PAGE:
Debbie, who was fondly known as “The Boss.” had played such an important role in planning her memorial service - picking the verses from the bible, the music to be played - that you felt she was in the room, watching over us.

I was listening to a podcast on CBC this week about a man who decided to have a living wake.  He was terminally ill and had chosen to have an assisted suicide, so he knew when he was going to die.  However, rather than the funeral after he was gone, he wanted to host this last party and be there for it.

It was touching listening to the tributes, and I found myself laughing when one friend lamented that the host kept pissing him off, to which he replied it was one of his great talents.  The friend then went on to explain that first he’d retired two years earlier than him, and now he was checking out earlier too.  It was all said with great love and respect.

All of which leads me to thinking that we need to say more to the people we love now while they are alive and able to hear us, and not wait for the eulogy to emotionally share with others about how we felt about the person who has just died.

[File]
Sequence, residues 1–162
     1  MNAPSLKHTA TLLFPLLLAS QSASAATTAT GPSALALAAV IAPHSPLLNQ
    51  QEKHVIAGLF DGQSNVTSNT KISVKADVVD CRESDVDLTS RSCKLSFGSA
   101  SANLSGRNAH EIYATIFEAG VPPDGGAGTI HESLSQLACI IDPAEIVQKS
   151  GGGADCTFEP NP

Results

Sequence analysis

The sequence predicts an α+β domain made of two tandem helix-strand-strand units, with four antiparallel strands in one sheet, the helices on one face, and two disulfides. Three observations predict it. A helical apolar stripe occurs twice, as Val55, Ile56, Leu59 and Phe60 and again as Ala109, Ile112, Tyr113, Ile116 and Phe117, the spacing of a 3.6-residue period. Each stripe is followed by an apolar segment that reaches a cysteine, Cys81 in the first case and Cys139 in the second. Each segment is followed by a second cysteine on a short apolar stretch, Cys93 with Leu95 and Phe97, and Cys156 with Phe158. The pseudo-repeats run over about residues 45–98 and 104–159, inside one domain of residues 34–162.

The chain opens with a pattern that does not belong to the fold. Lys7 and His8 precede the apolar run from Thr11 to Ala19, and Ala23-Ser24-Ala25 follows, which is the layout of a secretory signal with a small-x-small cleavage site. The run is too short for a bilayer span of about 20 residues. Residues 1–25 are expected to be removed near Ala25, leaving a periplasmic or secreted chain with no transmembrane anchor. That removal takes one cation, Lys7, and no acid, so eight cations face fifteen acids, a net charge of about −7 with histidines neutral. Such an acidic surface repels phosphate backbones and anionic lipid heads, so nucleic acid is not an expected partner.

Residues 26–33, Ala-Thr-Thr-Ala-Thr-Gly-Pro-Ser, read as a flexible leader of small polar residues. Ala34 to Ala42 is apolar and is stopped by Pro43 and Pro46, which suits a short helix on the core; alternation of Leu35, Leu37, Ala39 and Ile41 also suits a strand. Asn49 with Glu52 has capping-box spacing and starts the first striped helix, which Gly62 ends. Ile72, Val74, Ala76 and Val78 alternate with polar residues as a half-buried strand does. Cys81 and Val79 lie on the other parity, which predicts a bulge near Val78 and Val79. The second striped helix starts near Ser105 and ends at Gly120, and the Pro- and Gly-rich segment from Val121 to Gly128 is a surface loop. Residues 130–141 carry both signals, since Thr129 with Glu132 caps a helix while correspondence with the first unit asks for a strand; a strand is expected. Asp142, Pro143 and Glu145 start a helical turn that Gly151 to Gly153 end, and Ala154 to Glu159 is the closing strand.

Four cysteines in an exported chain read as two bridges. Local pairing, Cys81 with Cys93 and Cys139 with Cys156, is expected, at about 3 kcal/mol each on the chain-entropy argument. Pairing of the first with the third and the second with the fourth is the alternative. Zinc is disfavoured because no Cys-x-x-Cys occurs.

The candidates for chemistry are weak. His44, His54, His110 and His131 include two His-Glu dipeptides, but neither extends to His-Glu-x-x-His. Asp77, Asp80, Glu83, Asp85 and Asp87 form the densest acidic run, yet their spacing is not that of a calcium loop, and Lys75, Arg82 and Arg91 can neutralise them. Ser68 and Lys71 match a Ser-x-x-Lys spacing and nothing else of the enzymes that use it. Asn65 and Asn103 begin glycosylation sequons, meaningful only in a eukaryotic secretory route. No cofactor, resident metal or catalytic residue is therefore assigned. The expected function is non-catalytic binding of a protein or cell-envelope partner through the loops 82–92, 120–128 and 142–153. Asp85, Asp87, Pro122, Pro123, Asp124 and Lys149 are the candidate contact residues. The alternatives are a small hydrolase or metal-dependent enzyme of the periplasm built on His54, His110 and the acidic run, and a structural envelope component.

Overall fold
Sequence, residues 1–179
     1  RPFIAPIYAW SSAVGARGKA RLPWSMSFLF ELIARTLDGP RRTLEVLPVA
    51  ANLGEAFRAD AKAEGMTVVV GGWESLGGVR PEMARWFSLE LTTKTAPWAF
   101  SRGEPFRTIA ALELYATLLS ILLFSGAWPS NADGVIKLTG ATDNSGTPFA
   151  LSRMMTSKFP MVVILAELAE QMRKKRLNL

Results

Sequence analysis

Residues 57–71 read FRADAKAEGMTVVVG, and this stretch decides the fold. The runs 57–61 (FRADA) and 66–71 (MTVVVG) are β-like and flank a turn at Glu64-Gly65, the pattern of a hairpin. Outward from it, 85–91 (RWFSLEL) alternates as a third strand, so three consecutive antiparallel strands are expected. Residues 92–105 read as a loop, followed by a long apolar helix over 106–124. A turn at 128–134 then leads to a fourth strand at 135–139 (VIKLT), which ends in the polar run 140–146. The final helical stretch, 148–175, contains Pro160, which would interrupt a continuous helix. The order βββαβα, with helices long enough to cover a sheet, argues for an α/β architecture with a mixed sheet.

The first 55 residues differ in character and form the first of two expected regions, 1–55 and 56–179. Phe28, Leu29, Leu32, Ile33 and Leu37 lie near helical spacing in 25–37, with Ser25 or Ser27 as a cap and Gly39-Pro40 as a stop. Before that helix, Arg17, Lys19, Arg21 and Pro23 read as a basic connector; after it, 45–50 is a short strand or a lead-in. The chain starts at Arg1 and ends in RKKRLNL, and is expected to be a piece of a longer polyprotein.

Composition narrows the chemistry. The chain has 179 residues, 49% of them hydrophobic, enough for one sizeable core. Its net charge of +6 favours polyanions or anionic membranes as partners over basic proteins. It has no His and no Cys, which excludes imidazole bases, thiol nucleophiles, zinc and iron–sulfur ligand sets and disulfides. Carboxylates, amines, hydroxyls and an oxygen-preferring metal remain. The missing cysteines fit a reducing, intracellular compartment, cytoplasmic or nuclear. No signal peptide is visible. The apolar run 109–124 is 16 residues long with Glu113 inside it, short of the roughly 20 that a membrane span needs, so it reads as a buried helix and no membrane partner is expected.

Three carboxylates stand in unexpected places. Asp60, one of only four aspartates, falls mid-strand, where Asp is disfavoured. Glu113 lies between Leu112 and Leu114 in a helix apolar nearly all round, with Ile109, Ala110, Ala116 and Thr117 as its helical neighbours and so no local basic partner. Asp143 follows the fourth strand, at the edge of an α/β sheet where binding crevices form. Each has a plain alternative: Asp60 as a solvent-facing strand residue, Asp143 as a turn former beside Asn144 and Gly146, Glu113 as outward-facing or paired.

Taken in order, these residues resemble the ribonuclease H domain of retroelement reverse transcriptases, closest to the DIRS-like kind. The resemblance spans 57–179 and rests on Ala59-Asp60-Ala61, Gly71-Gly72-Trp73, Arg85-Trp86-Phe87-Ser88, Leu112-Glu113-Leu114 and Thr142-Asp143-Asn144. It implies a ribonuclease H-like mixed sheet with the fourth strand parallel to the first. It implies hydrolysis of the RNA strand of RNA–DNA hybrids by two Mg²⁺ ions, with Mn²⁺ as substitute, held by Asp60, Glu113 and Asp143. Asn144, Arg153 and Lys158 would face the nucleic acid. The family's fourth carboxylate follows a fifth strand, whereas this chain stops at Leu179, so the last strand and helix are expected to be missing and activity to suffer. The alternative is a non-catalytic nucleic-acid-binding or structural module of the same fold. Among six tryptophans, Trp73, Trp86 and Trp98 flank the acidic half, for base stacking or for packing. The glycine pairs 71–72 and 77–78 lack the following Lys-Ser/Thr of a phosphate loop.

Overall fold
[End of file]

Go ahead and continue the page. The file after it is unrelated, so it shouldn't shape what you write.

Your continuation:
When I was diagnosed with cancer for the second time,  I announced my news at a Company of Women meeting.   I did so because I wanted the women to go for the mammogram and not put it off, and also because as I said at the time, it was not convenient to “check out” right then, as I was busy and had too much to do.  I was touched by the outpouring of love I received.    

But that’s my point.  We shouldn’t have to wait until someone is dying or gets a cancer diagnosis to share how we feel about that person.  How much happier we would all be if we spoke up now, not when it’s too late for your loved one to hear, about how we feel about them.  

Granted we all show our love differently, as I learned when I read the Five Languages of Love.  For some it’s being of service, kind gestures or thoughtful gifts, for others it is more physical, but I can’t help but think that using our words, actually saying out loud how we feel means that the message is received and understood.

Love.  It is one four-lettered word that is under-used.  Time to change that.

Thursday, July 13, 2017

Shedding some light in the darkness of death

None of us really knows what is around the corner.  Guess that’s why it’s best to take each day as it comes, to live life in the moment.

I am reflecting on this because this week has been darkened by news of death.  First the death of a friend’s mother who had cancer, then the 
death of a husband in his prime who took his own life and updates on a husband who knows 
he is dying and is making the most of the time he has left.